Machine Learning Platform for AI (PAI)-Blade allows you to optimize models in various ways. You need to only install wheel packages in your local environment. Then, you can optimize models by calling a Python method. This topic describes how to optimize a PyTorch model by using PAI-Blade. In this example, NVIDIA Tesla T4 GPUs are used.


  • PyTorch is installed. The wheel packages of PAI-Blade are installed.
  • PyTorch models are trained. In this example, an open ResNet50 model is used.

Optimize a PyTorch model

  1. Import PAI-Blade and other dependency libraries.
    import os
    import time
    import torch
    import torchvision.models as models
    import blade
  2. Load a ResNet50 model from the torchvision library. PAI-Blade supports only ScriptModules. Therefore, the ResNet50 model must be converted into a ScriptModule.
    model = models.resnet50().float().cuda()  # Prepare the model. 
    model = torch.jit.script(model).eval()    # Convert the model into a ScriptModule. 
    dummy = torch.rand(1, 3, 224, 224).cuda() # Construct test data. 
  3. Call the blade.optimize method to optimize the ResNet50 model. The following sample code provides an example on how to optimize the model. If you have questions during model optimization, you can join the DingTalk group of PAI-Blade users and consult the technical support staff.
    optimized_model, opt_spec, report = blade.optimize(
        model,                 # The model to be optimized. 
        'o1',                  # The optimization level. Valid values: o1 and o2. 
        device_type='gpu',     # The type of the device on which the model is run. Valid values: gpu and cpu. 
        test_data=[(dummy,)],  # The test data. The test data used for a PyTorch model is a list of tuples of tensors. 
    The blade.optimize method returns the following objects:
    • optimized_model: the optimized model. In this example, a torch.jit.ScriptModule object is returned.
    • opt_spec: the external dependencies that are required to reproduce the optimization results. The external dependencies include the configuration information, environment variables, and resource files. You can execute the WITH statement in Python to make the external dependencies take effect.
    • report: the optimization report, which can be directly displayed. For more information about the parameters in the optimization report, see Optimization report.
    During model optimization, the optimization progress is displayed. The following sample code provides an example:
    [Progress] 5%, phase: user_test_data_validation.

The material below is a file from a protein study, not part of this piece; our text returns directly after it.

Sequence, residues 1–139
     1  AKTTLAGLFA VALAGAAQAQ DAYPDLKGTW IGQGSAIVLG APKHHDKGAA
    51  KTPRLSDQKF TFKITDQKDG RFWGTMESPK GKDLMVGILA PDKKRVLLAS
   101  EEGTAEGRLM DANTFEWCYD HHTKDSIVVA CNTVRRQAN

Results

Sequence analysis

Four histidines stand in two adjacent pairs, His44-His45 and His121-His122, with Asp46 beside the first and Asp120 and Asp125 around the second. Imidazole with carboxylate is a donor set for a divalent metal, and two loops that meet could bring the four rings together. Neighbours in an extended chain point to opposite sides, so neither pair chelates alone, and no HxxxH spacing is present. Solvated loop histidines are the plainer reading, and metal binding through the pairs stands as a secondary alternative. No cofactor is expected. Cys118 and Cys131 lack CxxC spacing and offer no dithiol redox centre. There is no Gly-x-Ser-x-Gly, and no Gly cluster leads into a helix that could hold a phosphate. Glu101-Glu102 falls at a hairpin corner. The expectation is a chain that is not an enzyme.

[Progress] 10%, phase: test_data_deduction.
    [Progress] 15%, phase: CombinedSwitch_4.
    [Progress] 95%, phase: model_collecting.
  4. Display the optimization report.
    print("Report: {}".format(report))
    In the optimization report, you can view the optimization items that achieve optimization effects. The following sample code provides an example:
    Report: {
      // ......
      "optimizations": [
          "name": "PtTrtPassFp32",
          "status": "effective",
          "speedup": "1.50",     // The acceleration ratio. 
          "pre_run": "5.29 ms",  // The latency before acceleration. 
          "post_run": "3.54 ms"  // The latency after acceleration. 
      // The end-to-end optimization results. 
      "overall": {
        "baseline": "5.30 ms",    // The latency of the original model. 
        "optimized": "3.59 ms",   // The latency of the optimized model. 
        "speedup": "1.48"         // The acceleration ratio. 
      // ......
  5. Compare the performance before and after model optimization.
    def benchmark(model, inp):
        for i in range(100):
        start = time.time()
        for i in range(200):
        elapsed_ms = (time.time() - start) * 1000
        print("Latency: {:.2f}".format(elapsed_ms / 200))
    # Measure the speed of the original model. 
    benchmark(model, dummy)
    # Measure the speed of the optimized model. 
    benchmark(optimized_model, dummy)

Extended information

When you call the blade.optimize method, you can specify the model to be optimized for the model parameter in multiple ways. To optimize a PyTorch model, you can specify the model in one of the following ways:
  • Specify a torch.jit.ScriptModule object.
  • Load a torch.jit.ScriptModule object from a model file saved by using the method.
In this example, a torch.jit.ScriptModule object in the memory is specified for the blade.optimize method. The following sample code provides an example on how to load a model from a model file:
optimized_model, opt_spec, report = blade.optimize(

What to do next

After the model is optimized by using PAI-Blade, you can run the optimized model in Python or deploy the optimized model as a service in Elastic Algorithm Service (EAS) of PAI. PAI-Blade also provides an SDK for C++ to help you integrate the optimized model into your own application.